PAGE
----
S 78 BIRMINGHAM
PO Box 10251
Birmingham, AL 35202
1901 10th Ave. South, Room 114
Birmingham, AL 35205
EXECUTIVE BOARD MEMBERS
President: Terry L. Wilkins
Vice President: Marshal Croy
Business Agent: Allen Langston
Assistant Business Agent: Wayne Whaley
Treasurer: Sam Williams
Recording/Corresponding Secretary: J. Terry Wilkins
BOARD OF TRUSTEES
Chairman of the Board: Billy Howell
Member of the Board: Glenn Walls
Member of the Board: Paul Schatz
Gold Card Members: 0
Retired Members: 0
Active Members: 51
Journeymen Members: 41
Birmingham, Alabama, called the Steel City of the South, was founded in 1871 because of the adjacent wealth of minerals needed for making steel. The new community was named after England's iron center.
In the early years, Birmingham was noted as being one of the major cities of the New South. It was known as a city of steel and related industries, but also as a city of culture, politics, baseball, football, and vibrant social activities.
In a growing city such a Birmingham, the increased desire for cultural events and social activities was more than the local civic center could handle, resulting in a cultural boom in 1900 for the performing arts. There was vaudeville with comedians, magicians, jugglers, song-and-dance teams, animal acts, ventriloquists, talent contests, barber shop quartets, beauty contests, waltzing contests, boxing, wrestling, ragtime piano contests, and all types of local entertainment.
Some of the theatres in Birmingham from 1900 to 1910 were the Gayety, the Bijou, the Pantages, the Majestic, the Jefferson, O'Brien's House, the Erlanger, Sublett Hall, and the Casino.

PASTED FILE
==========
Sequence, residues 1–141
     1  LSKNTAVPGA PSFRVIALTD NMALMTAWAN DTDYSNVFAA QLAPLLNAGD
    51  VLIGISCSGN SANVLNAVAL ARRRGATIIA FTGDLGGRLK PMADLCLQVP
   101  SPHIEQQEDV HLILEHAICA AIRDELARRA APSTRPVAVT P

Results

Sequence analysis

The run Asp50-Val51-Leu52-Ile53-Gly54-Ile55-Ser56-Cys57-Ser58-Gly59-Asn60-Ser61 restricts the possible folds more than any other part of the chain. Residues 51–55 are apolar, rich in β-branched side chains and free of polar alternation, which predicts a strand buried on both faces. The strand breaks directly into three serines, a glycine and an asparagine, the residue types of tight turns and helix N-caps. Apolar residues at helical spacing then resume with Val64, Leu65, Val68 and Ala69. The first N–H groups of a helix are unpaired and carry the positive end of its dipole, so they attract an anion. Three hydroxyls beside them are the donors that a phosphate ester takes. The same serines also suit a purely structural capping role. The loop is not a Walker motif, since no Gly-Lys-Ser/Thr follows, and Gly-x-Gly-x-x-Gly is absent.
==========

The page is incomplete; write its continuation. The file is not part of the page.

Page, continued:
Following the stage-type theatres were "silent movie houses." Soon afterward, the new "moving picture houses" arrived. In the 1908 city directory, the movie houses listed were the Electric, the Theatorium, the Edisonia, the Elite, the Musetorium, the Newsome, the St. Nichols, the Vaudette, the Alamo, and the Marvel.
As the city grew and the entertainment industry changed, many of the old theatres were converted or torn down. The names of some of the theatres built in th 1920's and 1930's were the Temple, the Lyric, the Alabama, the Ritz, the Melba, the Empire, the Strand, and the Famous.
The Alabama Theatre has been beautifully restored and features special movies as well as stage productions.
There are also dreams of restoring the Lyric Theatre, which is located across the street from the Alabama Theatre. It is still standing and is currently empty with the exception of some old seats and scenery flats.
The Temple Theatre housed the Masonic Lodge and was a "working hemp house" until it had it's last performance on March 31, 1970. But, that's another story we'll add to the site in the future.
All but a few of the one-time busy theatres have gone the way of so many old buildings.
In 1924, the City of Birmingham built a new modern Municipal Auditorium. To this day, it is still being used and has been renovated many times.
In 1973, with city and county money, a new complex was completed with 2 theatres, a coliseum, and an exhibition facility. Additional exhibition facilities, facilities for medical forums, and a hotel have since been added to the complex. There is also rumor of a dome stadium in the future.
In 1899, a small group of men in Birmingham, Alabama looked into the future and petitioned the National Alliance of Theatrical Stage Employees for membership. The charter for Local 78 was granted on November 7, 1900.
Those listed on the charter are:
Today, most of Local 78's work is at the Birmingham-Jefferson Civic Center Complex and the Boutwell Auditorium. However, additional work can be found at the Oak Mountain Amphitheatre, the University of Alabama at Birmingham, the Alabama Theatre, and other venues.Nate D. Smith
Wm. K. Hammer
Wm. M. Johnson
Walter W. Beason
D. A. Knolton(?)
George D. Whitney
Ely L. Beaver(?)
David A. Polk
Jas. H Gobin(?)
Wm. H. Miller
Lee H. Freeman
Chas. H. Prince